Key developments in the aftermath of the Turkey, Syria quake

By AP News


A top European Union official says the powerful earthquakes that struck Turkey and Syria will require a huge reconstruction operation at a scale “never seen before.”

Turkey Earthquake EU

SAMANDAG, Turkey (AP) — Demolition teams are clearing mounds of rubble from the devastating Feb. 6 earthquake in Turkey and Syria, as emergency responders scramble to shelter survivors — who were traumatized anew by Monday's magnitude 6.4 earthquake in Turkey's already badly battered province of Hatay.

That quake killed eight people in Turkey and Syria and demolished or damaged more buildings, leaving countless homeless. The combined death toll from the Feb. 6 earthquake in both countries stands at around 46,000 — the vast majority in Turkey.

Here’s a look at the key developments Wednesday from the aftermath of the earthquake.


The powerful earthquake in Turkey and Syria will require a huge reconstruction operation at a scale “never seen before,” a top European Union official said.

European Commissioner for Neighborhood and Enlargement Oliver Varhelyi made the comment Wednesday during a visit to Ankara to prepare for an international donor’s conference, scheduled for March in Brussels. The conference aims to mobilize funds from the international community to support Turkey and Syria following the quake.

“We are all shocked by the horror the people of Turkey have to go through,” Varhelyi said during a joint news conference with Sweden’s minister for foreign trade and Turkey’s foreign minister. “This is why we are here to help; because we care, because we are friends, because we are allies.”

The commissioner continued: “My generation for sure has not seen such a devastating earthquake on the planet ... It will take a huge reconstruction operation. Maybe something, again, that we have not seen before.”

Last week the United Nations launched an appeal for $1 billion to help humanitarian agencies in Turkey assist millions of people affected by the earthquake.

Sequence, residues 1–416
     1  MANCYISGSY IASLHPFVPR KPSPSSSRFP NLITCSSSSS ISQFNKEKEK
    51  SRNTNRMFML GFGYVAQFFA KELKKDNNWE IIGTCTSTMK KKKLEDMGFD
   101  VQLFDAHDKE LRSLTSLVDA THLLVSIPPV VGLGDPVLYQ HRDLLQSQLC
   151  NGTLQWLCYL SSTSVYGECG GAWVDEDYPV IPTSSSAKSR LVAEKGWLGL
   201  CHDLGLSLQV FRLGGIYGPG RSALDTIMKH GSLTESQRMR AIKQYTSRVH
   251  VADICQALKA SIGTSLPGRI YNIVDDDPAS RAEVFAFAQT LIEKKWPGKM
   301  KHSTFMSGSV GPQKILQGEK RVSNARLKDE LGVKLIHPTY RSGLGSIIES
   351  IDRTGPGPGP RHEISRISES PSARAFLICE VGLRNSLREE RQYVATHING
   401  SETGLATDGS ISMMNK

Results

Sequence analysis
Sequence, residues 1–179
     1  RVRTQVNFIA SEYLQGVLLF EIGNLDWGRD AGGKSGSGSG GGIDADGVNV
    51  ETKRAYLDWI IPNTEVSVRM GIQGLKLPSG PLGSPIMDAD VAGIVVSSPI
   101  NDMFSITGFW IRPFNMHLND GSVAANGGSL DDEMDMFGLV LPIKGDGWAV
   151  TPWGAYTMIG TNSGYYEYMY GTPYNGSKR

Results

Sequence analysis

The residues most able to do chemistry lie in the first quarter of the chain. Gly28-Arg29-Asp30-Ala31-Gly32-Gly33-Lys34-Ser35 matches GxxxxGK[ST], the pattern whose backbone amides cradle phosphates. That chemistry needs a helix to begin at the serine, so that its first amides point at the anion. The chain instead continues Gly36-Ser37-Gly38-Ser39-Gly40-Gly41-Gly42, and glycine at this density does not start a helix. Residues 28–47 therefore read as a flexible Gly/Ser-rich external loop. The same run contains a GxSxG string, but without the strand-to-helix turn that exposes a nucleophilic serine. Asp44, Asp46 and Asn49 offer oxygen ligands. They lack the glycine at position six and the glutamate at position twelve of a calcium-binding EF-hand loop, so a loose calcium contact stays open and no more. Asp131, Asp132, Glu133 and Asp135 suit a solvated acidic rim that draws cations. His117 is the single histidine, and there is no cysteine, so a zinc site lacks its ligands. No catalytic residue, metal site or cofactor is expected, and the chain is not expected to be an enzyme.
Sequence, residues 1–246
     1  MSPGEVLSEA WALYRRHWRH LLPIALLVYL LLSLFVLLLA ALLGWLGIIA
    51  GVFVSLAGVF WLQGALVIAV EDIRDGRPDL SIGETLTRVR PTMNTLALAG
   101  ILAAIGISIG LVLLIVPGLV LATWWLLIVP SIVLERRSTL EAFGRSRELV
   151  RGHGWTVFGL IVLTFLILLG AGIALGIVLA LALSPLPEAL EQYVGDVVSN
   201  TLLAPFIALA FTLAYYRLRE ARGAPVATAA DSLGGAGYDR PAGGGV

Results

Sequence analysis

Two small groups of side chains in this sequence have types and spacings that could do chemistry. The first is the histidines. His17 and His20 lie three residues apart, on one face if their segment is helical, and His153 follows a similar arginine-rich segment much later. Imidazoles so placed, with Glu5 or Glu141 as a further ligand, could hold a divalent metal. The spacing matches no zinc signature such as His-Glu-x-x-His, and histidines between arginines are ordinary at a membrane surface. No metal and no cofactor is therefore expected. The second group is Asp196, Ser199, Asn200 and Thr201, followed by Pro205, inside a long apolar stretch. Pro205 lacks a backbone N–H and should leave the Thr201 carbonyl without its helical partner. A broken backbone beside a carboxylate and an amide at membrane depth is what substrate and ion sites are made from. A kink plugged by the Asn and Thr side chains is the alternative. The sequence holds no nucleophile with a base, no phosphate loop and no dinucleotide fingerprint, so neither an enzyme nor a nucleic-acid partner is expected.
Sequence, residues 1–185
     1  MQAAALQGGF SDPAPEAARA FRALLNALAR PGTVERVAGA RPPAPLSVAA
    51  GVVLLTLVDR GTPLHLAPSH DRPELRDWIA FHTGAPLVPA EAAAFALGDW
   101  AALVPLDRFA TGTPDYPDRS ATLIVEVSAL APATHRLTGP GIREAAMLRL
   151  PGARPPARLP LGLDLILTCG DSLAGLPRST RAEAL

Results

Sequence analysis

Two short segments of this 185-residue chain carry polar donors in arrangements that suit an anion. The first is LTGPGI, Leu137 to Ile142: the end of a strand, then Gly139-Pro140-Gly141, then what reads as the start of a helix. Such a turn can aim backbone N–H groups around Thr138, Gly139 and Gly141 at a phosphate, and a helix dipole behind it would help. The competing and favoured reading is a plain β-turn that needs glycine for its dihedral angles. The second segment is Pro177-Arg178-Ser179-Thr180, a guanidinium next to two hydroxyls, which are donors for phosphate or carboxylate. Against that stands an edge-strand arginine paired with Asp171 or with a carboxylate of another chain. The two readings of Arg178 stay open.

Turkey’s broadcasting watchdog has fined four television stations that have aired programs critical of President Recep Tayyip Erdogan's government’s handling of the aftermath of the disaster.

The move is widely seen as a government attempt to censor negative coverage of the government’s earthquake response ahead of elections scheduled to take place by June 18.

The Radio and Television Supreme Council, or RTUK, fined Halk TV, Tele 1 and Fox TV and also ordered Halk TV and Tele 1 programs be taken off the air for five days, said Ilhan Tasci, a member of the council from Turkey’s main opposition party.

Meanwhile, authorities have blocked access to a popular online forum, Eksi Sozluk, where government critics have posted opinions. The website said on Twitter that it was trying to get information on the reason behind the blockage.

Erdogan’s government came under intense criticism after access to Twitter was restricted for several hours, days after the earthquake hit. Officials said the move was an effort to fight disinformation on Twitter. Many complained, however, that it hampered rescue efforts.


The United Nations development program says it plans to support Turkey in the removal of rubble and the management of the debris from the earthquake’s devastation.

A UNDP statement says the agency estimates that the disaster has generated between 116 million and 210 million tons of rubble. It estimates an area at least 30 kilometers by 30 kilometers (18.6 miles by 18.6 miles) with debris piled three meters (yards) high would be needed to contain it all.

Turkish authorities say 118,000 buildings containing 412,000 units have either collapsed or are so damaged that they will need to be demolished.

UNDP said it aims to draw on its experience in responding to earthquakes in other locations, including Haiti, Nepal and Pakistan, the massive explosion in Beirut as well as rubble caused by the war in Ukraine.


Fraser reported from Ankara, Turkey.


Author: AP News

This article does not provide any financial advice and is not a recommendation to deal in any securities or product. Investments may fall in value and an investor may lose some or all of their investment. Past performance is not an indicator of future performance.

Originally published by Associated Press, Digitonic Ltd (and our owners, directors, officers, managers, employees, affiliates, agents and assigns) are not responsible for the content or accuracy of this article. The information included in this article is based solely on information provided by the company or companies mentioned above.

Sign up for Investing Intel Newsletter